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41. ProtoSociology: Volume > 11
Michael Liston Externalist Determinants of Reference
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According to externalism, reference is a relation between uses of an expression and features of the environment. Moreover, the reference relation is normative (constitutive of correct semantic use), and the referential relata of our expressions are explanatory of successful language use. This paper largely agrees with the broad conception underlying externalism: it is what people do with words that makes them have the references they have, and the world constrains what people can successfully do with words. However, the paper strongly disagrees with the details (at least as usually presented). A centrally important feature of what people do with words is how they use them in inferential contexts. When due attention is given to the reference-determining role played by inferential properties of expressions, I argue, we arrive at a more satisfactory account of semantic norms and explanations. Much of the argument is based on a detailed look at the language of chemical classification used in the late 19th century.
42. ProtoSociology: Volume > 11
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43. ProtoSociology: Volume > 11
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44. ProtoSociology: Volume > 11
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45. ProtoSociology: Volume > 11
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46. ProtoSociology: Volume > 11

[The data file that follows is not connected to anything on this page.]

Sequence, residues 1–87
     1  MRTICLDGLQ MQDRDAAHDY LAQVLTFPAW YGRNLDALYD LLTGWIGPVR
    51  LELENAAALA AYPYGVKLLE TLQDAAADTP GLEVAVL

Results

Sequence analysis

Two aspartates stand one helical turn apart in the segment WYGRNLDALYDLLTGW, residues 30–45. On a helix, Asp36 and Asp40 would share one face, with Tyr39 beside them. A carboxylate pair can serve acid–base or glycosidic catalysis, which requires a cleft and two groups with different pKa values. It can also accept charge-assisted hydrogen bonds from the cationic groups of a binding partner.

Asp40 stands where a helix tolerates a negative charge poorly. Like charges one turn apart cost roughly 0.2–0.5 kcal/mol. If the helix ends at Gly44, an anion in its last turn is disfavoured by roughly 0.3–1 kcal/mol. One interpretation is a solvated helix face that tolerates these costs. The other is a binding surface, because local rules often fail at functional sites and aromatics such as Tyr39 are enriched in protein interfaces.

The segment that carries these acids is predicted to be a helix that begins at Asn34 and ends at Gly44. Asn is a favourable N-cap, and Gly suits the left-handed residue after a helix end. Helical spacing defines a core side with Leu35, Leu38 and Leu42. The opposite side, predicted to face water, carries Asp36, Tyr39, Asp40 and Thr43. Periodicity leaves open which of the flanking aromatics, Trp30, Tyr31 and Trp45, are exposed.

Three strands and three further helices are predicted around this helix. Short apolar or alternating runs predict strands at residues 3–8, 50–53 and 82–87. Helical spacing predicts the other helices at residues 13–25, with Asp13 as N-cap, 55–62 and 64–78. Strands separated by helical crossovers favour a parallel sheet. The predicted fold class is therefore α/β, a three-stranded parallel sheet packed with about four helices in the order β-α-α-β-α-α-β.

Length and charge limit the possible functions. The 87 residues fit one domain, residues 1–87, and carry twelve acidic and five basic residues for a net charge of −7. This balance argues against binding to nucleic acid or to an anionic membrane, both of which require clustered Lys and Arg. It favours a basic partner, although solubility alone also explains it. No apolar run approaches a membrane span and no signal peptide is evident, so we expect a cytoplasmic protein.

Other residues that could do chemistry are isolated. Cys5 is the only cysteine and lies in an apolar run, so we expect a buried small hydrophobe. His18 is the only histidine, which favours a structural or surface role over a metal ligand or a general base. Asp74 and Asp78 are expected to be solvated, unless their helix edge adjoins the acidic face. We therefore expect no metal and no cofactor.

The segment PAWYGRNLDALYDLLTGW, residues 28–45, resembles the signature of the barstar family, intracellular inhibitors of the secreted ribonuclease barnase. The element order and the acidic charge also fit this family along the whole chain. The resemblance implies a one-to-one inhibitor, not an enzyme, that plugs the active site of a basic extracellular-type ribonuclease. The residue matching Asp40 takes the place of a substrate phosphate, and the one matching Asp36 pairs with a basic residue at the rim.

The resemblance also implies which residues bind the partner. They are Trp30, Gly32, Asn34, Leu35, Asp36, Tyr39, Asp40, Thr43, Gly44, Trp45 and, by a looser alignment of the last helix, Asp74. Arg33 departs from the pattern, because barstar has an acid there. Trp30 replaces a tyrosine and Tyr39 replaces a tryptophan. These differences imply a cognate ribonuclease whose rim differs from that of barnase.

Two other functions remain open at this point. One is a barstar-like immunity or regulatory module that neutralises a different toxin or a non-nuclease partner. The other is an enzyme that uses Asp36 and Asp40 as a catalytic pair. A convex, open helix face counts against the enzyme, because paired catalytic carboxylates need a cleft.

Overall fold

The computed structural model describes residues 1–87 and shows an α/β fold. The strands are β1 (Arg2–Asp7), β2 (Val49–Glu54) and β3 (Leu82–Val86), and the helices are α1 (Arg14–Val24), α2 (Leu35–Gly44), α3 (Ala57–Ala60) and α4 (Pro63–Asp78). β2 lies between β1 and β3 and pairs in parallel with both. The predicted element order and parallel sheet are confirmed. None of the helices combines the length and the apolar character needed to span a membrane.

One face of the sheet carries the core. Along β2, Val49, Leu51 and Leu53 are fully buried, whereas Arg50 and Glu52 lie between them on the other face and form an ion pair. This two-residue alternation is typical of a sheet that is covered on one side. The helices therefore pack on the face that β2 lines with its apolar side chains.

Gerhard Preyer Interpretation and Rationality: Steps from Radical Interpretation to the Externalism of Triangulation
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In recent years Donald Davidson has outlined main features of a “unified theory” of language and action. The article tries to lay open the central theoretical steps one has to take from his “radical interpretation” to his theory of rationality and his triangulation model of externalism. It is argued that Davidson's reinterpretation of Tarski's T - sentences can be used to show a fundamental symmetry between representation and expression of propositional contents. Yet, his theoretical framework has to be enriched to deal with the problem of contextualism that arises from his redescription of utterance meanings. The paper shows in order to elaborate Davidson's claim that rationality is a normative concept one has to address the question of an internal relationship between radical interpretation, rationality and externalism.
47. ProtoSociology: Volume > 11
Bookpublications within the Project ProtoSociology
48. ProtoSociology: Volume > 13
Gerhard Preyer, Dieter Mans Introduction: On Contemporary Developments in the Theory of Argumentation
49. ProtoSociology: Volume > 13
Robert C. Pinto Argument Schemes and the Evaluation of Presumptive Reasoning: some Reflections on Blair’s Account
50. ProtoSociology: Volume > 13
Ralph H. Johnson Reasoning, Argumentation and The Network Problem
51. ProtoSociology: Volume > 13
Leo Groarke The Fox and the Hedgehog: On Logic, Argument, and Argumentation Theory
52. ProtoSociology: Volume > 13
J. Anthony Blair Presumptive Reasoning/Argument: An Overlooked Class
53. ProtoSociology: Volume > 13
Douglas Walton The New Dialectic: A Method of Evaluating an Argument Used for Some Purpose in a Given Case
54. ProtoSociology: Volume > 13
Manfred Kienpointner Comments on Douglas Walton’s Paper: The New Dialectic: A Method of Evaluating an Argument Used for Some Purpose in a Given Case
55. ProtoSociology: Volume > 13
Christopher W. Tindale The Authority of Testimony
56. ProtoSociology: Volume > 13
Hans Lenk Interdisziplinarität und Interpretation
57. ProtoSociology: Volume > 13
John Woods Peirce’s Abductive Enthusiasms
58. ProtoSociology: Volume > 13
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59. ProtoSociology: Volume > 13
Authors
60. ProtoSociology: Volume > 13
Henry W. Johnstone, Jr. “‘Any,’ ‘Every,’ and the Philosophical Argumentum ad Hominem”